Plane & Pilot
Tuesday, September 6, 2011

Light-Sport Chronicles: Where Everybody Knows Your Name

Here’s a flight school/club where fun flying is #1

SKYRAIDER AVIATION. Chris Dillis based his successful LSA flight school on flying-club experience in Europe.
The success of the long-running Cheers TV show, I’m convinced, came in no small part from the seductive lines in that great theme song that so well captured the spirit of the show:
Sometimes you want to go
where everybody knows your name,
and they’re always glad you came.

Chris Dillis, a big, strapping guy with a big, friendly smile, lived in Germany a few years back. He got involved in a U.S. Army flying club while he was there, and one day had an epiphany: He was having fun.

Here’s the kicker: He had flown previously in the U.S. The experience had been...different, very different indeed.

“I was introduced to the European Very Light Aircraft (VLA) and a particular mentality as I flew with various German and British flying clubs. I saw that these clubs were probably more about socializing than about flying.

“My flight training in the U.S. was nothing like in Europe. Over here, it’s more corporate,” Dillis continues. “Centennial near Denver is one of the busiest GA airports in the country, with lots of rules and regulations. It was very much like school: You fly, you leave, you come back when it’s time for another lesson.”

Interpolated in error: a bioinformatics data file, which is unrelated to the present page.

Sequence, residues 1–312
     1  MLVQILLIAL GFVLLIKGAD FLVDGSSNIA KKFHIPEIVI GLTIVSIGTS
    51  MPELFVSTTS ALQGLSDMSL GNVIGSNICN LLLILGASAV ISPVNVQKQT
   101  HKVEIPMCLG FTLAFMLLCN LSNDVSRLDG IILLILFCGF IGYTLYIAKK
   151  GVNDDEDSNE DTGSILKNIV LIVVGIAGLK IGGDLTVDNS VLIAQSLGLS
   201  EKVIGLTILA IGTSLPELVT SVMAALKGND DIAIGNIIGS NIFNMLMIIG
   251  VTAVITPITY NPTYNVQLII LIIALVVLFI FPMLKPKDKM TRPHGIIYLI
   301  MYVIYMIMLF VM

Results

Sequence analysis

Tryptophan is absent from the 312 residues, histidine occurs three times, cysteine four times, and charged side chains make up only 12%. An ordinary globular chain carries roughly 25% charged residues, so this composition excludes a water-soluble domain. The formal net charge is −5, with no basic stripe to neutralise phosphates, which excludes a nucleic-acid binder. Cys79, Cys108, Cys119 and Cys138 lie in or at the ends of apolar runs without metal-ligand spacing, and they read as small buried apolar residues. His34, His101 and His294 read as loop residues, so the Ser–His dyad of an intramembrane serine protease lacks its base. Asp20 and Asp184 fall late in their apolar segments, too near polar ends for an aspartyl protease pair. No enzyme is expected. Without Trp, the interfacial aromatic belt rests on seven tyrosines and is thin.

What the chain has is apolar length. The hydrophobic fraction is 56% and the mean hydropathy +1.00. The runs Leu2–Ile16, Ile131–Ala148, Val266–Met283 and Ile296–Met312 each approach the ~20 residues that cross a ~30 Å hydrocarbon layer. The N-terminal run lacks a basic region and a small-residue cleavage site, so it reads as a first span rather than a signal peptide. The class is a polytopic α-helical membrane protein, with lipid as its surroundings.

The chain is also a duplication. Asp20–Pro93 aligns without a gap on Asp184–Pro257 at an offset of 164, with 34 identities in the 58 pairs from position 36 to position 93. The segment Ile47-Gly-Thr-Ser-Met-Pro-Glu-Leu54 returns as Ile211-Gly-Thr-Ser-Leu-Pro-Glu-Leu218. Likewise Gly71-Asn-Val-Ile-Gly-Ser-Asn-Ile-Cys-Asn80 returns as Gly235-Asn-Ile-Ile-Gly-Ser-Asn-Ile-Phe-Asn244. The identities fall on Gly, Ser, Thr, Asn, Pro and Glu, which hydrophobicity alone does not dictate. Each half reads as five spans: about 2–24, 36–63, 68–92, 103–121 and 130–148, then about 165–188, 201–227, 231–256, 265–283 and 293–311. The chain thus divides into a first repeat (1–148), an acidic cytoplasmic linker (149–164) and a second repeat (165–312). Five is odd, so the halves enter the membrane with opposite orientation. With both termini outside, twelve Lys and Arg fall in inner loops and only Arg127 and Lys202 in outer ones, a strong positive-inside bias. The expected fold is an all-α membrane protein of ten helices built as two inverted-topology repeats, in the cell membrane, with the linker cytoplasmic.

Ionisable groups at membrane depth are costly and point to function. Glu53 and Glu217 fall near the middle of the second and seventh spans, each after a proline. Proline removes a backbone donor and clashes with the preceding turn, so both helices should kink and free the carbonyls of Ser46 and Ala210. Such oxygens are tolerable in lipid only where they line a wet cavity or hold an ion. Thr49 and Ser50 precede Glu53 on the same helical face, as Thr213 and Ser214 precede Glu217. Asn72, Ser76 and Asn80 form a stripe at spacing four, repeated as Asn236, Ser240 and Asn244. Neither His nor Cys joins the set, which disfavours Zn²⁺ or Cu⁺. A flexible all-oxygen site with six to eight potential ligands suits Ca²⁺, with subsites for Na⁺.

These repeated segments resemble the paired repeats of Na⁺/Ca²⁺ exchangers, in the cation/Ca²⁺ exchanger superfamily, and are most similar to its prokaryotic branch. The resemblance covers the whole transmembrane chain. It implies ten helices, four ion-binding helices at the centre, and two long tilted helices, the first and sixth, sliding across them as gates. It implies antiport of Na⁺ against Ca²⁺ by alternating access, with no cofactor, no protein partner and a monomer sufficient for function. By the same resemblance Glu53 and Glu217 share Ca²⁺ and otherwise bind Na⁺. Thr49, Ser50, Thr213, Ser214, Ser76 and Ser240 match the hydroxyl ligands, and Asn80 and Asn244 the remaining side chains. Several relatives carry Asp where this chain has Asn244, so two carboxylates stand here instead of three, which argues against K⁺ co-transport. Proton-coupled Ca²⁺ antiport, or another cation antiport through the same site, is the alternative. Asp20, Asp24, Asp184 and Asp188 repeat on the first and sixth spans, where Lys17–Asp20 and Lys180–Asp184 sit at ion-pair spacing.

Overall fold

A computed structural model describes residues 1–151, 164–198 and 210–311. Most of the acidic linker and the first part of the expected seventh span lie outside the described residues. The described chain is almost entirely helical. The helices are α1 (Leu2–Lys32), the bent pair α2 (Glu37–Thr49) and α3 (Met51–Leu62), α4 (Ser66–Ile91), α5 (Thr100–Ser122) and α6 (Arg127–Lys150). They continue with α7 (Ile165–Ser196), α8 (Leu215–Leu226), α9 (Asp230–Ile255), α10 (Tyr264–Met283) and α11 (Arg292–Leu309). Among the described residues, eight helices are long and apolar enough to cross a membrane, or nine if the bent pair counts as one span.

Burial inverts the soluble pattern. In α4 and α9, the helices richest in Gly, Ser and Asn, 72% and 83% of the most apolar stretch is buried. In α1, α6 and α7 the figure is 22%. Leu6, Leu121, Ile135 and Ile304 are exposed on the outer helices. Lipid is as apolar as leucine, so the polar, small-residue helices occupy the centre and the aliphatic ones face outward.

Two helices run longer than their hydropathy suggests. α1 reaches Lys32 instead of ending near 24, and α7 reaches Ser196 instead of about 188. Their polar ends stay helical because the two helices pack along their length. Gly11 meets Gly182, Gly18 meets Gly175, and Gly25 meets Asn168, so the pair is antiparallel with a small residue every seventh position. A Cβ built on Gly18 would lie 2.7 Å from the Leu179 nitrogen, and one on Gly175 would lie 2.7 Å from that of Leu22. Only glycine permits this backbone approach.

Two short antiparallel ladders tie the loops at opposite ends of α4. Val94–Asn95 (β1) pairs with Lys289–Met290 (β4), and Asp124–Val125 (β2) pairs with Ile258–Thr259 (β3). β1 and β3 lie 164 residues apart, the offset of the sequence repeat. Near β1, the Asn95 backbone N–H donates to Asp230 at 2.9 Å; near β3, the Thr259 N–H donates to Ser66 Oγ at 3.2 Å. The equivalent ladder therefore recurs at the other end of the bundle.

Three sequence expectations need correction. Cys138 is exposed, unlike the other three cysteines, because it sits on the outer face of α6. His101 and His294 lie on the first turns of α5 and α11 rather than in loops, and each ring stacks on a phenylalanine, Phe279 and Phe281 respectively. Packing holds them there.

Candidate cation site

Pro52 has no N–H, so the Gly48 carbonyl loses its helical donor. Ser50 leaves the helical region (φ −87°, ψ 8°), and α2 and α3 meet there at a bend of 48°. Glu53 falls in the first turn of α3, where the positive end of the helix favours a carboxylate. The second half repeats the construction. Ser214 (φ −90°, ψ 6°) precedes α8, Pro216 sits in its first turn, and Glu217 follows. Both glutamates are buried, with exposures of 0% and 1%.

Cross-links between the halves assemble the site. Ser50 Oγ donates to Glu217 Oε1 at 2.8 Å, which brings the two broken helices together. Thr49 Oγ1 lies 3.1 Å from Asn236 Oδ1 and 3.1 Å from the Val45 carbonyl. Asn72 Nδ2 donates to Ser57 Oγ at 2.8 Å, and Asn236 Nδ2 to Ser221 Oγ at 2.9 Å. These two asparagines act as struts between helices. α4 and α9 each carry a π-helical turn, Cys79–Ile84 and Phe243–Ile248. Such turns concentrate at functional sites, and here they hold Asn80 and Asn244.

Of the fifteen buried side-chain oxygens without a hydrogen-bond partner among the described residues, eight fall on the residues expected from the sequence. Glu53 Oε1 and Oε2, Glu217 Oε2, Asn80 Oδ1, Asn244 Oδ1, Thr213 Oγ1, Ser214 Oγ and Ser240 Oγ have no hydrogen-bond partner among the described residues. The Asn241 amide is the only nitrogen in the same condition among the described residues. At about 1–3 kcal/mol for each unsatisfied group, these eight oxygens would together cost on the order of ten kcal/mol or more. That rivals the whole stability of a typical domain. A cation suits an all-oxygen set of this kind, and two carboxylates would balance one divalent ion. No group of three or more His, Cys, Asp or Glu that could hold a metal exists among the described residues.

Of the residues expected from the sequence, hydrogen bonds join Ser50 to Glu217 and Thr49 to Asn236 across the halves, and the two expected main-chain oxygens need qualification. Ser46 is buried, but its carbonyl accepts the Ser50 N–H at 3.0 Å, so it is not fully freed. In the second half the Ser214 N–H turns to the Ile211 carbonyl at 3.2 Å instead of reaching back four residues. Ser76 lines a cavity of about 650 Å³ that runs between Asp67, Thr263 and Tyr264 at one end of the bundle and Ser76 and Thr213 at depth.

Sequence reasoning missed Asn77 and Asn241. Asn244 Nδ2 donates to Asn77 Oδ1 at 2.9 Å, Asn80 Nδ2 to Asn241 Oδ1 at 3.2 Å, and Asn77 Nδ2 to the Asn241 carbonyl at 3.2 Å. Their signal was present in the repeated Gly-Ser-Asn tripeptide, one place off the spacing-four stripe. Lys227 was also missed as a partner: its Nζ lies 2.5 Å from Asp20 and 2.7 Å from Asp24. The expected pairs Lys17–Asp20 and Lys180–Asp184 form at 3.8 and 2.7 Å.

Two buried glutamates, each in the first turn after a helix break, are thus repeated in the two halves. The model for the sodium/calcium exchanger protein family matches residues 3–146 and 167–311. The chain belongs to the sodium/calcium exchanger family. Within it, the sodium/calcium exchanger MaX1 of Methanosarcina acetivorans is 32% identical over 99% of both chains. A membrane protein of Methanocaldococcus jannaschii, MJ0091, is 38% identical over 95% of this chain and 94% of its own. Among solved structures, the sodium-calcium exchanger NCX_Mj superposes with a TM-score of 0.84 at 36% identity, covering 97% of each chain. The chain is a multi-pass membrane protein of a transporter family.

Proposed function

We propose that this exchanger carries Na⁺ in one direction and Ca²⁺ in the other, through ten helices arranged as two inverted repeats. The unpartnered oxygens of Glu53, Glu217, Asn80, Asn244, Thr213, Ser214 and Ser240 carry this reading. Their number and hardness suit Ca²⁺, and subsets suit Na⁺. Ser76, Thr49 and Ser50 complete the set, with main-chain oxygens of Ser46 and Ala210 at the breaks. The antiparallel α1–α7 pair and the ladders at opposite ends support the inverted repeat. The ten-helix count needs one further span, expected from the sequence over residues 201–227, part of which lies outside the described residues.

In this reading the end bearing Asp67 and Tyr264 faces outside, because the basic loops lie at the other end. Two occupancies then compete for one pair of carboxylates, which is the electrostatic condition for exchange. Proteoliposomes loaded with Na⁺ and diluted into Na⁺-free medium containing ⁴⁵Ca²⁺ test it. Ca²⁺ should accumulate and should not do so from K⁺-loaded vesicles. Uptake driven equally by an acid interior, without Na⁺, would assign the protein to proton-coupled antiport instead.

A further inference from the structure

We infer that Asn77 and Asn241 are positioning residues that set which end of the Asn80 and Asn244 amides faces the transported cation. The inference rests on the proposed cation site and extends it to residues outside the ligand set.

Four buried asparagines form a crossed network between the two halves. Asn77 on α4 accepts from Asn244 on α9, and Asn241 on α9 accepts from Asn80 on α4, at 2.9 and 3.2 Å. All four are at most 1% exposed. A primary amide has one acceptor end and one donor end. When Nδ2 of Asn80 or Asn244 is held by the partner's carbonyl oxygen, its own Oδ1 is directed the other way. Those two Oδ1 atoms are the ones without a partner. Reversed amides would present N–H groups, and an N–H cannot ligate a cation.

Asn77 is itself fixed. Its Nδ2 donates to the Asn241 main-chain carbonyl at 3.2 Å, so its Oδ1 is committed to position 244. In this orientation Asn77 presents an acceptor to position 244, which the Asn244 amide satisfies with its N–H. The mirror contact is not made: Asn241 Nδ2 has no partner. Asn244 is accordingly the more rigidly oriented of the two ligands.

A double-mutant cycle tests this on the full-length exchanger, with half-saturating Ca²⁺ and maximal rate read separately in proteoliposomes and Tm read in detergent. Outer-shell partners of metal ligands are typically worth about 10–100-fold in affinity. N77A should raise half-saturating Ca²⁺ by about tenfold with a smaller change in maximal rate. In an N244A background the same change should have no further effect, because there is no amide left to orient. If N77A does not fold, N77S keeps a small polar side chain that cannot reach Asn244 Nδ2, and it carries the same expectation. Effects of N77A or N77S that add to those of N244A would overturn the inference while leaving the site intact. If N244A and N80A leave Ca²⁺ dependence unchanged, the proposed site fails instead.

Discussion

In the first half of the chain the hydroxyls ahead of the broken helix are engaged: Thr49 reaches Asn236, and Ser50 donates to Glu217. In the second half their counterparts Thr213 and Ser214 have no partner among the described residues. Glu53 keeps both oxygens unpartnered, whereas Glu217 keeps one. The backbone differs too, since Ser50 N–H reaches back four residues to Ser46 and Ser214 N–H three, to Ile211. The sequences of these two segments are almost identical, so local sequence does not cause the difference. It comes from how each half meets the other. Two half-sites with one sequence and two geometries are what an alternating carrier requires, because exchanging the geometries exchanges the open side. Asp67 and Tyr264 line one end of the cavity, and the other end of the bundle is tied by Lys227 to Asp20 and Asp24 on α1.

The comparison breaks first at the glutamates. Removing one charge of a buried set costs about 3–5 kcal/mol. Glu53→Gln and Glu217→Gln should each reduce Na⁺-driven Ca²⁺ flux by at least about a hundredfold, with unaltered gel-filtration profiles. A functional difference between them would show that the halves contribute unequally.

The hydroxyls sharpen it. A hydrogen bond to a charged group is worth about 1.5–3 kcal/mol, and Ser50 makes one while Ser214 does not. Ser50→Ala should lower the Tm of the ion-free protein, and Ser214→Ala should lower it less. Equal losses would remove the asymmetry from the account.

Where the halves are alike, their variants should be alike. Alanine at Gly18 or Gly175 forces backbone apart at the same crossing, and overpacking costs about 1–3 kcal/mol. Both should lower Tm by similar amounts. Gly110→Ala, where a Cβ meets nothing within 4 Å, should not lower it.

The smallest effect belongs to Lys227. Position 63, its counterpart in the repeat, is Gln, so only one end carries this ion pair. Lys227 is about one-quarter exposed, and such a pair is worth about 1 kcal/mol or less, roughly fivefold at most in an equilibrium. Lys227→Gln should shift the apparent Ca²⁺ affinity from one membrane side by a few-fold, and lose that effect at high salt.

Most of my flight training syncs up with that assessment. How many of us who learned to fly this way would call the typical colorless, businesslike flight-school experience “fun?”

By contrast, Dillis likens the Euro flight-school atmosphere to “...a clubhouse. People hang out all day with other pilots. Sure, they fly, but often they come out, raise a couple beers, have a good time and never get near an airplane. There’s a camaraderie among club members. I’d even say the social aspect is almost more important than the actual flying. I sure never had that experience in the U.S.!”

Coleman AeroClub in Mannheim, Germany, was created in the European style: membership dues but no fractional ownership fees, since the club owned the airplanes and members paid rent. There was a little clubhouse where members hung out, and 16 hours of volunteer work were required each year.

“On Saturday mornings,” says Dillis, “pilots and students hung out with each other until it was their turn to fly or the weather cleared.”

Some clubs he visited had informal bars with drinks, beer and snacks...not a vending machine in a windowless back room bathed in garish fluorescent light. The Coleman club in Germany put on monthly barbecues and, like many clubs, put on regular fun-flight events.

“We also had cross-cultural fly-ins with a German flying club in Mannheim,” Dillis says. “It was a great chance for Americans to fly with Germans and vice versa. That was cool.”

During his time in Germany, Dillis bought a half share in an Aero AT-3, the almost-LSA forerunner to the U.S. Gobosh. Gobosh, (“GO Big Or Stay Home”), was run by Dave Graham and Tim Baldwin. I’m sorry to report Graham and Baldwin closed up their operation recently, although happy to hear from Dillis that the AT-4, imported under the name Gobosh, will return with new dealers. That’s good news: It remains one of my favorite fun-flying LSA.


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